by Chris Horney
As we addressed in class most recently, the term “Smart City” is inherently vague and unclear as to what that actually means and whom that actually benefits. While I believe that there are many beneficiaries of a said “Smart City” (residents, building owners, utilities, building owners, governments, public health facilities, schools, mass transit operators), each ends up having their own motivations, methods of extracting rent and valuing the benefits. Therefore, I think it is fruitless to analyze the system as a whole, but rather focus on one portion of a “Smart City”, so I am choosing building owners specifically.
Buildings have a lifecycle that begins as a sketch on paper or the computer, transitions to design, through construction, and ultimately through its useful life with its inhabitants. A big reason the design/build process and in turn the built environment has not seen huge gains in productivity and are ultimately inefficient is because of its fragmentation of the market across all segments, in design, construction, supply, and operations. Each segment is implementing technology, but one big challenge is that each segment hasn’t had great interoperability. I believe that is set to change over the next 5-15 years and I believe it will ultimately benefit building owners and the end users as being a “Smart City” application that will help revolutionize how we design, build, and operate buildings.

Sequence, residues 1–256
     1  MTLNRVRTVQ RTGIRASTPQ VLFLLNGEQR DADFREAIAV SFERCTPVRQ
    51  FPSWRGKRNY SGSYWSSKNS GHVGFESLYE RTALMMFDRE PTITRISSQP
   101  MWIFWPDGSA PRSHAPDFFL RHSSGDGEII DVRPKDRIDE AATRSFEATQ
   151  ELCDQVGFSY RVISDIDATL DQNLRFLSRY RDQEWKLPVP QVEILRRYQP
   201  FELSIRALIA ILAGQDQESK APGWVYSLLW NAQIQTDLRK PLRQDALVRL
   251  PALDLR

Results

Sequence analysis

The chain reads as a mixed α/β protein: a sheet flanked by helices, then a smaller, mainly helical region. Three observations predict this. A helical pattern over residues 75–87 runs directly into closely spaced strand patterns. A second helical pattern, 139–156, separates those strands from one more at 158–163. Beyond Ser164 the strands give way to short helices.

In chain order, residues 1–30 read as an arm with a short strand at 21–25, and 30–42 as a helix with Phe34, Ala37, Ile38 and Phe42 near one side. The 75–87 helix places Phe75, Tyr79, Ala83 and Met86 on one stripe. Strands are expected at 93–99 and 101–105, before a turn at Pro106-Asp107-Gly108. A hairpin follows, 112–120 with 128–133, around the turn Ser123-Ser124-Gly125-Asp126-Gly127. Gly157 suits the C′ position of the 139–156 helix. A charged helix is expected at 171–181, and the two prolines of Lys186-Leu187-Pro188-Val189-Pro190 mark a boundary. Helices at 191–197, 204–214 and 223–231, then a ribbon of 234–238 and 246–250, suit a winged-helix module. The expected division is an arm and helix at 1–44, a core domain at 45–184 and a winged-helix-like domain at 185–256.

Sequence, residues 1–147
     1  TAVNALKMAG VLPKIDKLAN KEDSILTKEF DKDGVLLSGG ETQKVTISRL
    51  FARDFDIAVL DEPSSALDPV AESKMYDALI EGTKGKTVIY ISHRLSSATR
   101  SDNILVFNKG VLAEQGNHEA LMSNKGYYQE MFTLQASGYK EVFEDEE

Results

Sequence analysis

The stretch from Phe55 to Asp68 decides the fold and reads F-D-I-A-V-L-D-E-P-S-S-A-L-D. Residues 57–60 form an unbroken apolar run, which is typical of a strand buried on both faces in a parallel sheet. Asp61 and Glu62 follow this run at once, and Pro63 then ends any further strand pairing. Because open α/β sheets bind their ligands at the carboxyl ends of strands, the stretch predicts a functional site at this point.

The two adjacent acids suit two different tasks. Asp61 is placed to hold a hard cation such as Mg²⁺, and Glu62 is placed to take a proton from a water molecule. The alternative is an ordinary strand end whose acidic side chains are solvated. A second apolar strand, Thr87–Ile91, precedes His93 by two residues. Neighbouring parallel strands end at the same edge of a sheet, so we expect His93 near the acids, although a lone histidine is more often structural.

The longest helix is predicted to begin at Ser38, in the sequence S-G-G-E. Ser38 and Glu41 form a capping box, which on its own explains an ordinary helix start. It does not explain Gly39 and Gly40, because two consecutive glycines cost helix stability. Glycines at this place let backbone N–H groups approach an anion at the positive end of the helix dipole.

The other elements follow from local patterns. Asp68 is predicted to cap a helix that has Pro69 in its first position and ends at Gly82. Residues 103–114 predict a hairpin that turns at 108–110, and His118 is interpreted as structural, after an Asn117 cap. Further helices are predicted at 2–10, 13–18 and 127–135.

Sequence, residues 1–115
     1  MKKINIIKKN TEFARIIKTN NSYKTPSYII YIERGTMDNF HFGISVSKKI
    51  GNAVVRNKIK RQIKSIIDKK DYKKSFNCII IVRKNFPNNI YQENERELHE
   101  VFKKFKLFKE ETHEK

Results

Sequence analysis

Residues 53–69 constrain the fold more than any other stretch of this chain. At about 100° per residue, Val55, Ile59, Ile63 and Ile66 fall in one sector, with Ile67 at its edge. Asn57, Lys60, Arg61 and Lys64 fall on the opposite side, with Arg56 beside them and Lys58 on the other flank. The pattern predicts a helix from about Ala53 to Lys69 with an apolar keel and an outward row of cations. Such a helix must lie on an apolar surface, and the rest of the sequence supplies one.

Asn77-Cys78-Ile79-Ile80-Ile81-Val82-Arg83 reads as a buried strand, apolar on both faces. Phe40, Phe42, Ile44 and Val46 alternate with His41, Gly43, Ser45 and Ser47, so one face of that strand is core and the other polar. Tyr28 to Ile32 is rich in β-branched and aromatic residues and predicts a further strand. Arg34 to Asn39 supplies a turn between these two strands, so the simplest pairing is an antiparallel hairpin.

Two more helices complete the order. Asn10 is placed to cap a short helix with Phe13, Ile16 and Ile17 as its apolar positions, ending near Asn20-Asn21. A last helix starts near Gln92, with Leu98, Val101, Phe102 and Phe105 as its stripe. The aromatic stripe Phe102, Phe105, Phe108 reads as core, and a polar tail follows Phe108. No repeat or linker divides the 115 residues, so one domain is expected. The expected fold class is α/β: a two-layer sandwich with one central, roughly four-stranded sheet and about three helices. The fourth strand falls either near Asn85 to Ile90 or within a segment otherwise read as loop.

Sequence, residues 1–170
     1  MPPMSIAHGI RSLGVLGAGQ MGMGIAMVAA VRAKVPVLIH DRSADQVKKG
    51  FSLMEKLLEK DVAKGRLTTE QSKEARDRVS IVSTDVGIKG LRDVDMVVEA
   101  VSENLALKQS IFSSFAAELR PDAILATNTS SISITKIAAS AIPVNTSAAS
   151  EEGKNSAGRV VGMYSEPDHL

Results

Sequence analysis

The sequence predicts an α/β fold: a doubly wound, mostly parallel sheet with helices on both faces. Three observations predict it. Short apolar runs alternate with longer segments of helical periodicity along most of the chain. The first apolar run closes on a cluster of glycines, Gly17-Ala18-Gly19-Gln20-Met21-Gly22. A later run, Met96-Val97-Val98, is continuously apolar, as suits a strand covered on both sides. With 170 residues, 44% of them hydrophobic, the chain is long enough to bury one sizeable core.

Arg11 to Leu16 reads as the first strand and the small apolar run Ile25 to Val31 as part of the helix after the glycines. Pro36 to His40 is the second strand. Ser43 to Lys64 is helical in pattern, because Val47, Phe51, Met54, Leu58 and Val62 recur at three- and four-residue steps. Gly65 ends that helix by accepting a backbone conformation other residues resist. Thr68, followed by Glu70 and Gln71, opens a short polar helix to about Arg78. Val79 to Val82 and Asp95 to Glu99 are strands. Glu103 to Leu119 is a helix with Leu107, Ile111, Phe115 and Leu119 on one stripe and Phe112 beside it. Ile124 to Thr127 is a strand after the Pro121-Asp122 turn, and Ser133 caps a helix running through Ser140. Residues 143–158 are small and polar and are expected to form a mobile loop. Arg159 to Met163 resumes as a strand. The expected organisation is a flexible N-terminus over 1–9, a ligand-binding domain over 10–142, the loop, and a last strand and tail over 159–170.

Autodesk, a design and engineering software company, has systematically become the industry standard in design for many engineering and architectural firms. They have bought many companies over the years and most recently have done a roll-up of construction software companies that makes the integration between design and construction much more seamless (see Navisworks, Vela, etc.). This software now can do complete simulations of energy use, structural analysis, and also then transition into creating the actual design of the building. With the recent construction acquisitions, all trades are using the same software or software that is interoperable, so many of the issues of inefficiency in construction with waste is becoming a time of the past with the prefabrication off-site because of in-software modeling and detailing. Finally, they also have been able to begin the tracking and implementation of the equipment in the building from the construction phase, which I believe will ultimately lead to the operations of the building.
While Autodesk has yet to transition into facilities management software, they are not far away from being able to either design it themselves or acquire a company like FM Systems, which would then allow them to provide end to end software to the built environment that would allow engineers to design something that they know will be kept throughout the process and ultimately used by the operators of the building. If this could happen, much waste would be eliminated from the entire system and would allow buildings to become much “smarter” and be a much more sophisticated part of the “Smart City.” And because Autodesk has the dominant stake-hold at the beginning of the lifecycle, I think they are poised to be able to not only add value to all players along the value chain, but also then extract value for a very long time. Think of this as the Microsoft Windows of the built environment, with each piece of software along the way being analogous to Word, Excel, Powerpoint, or Access.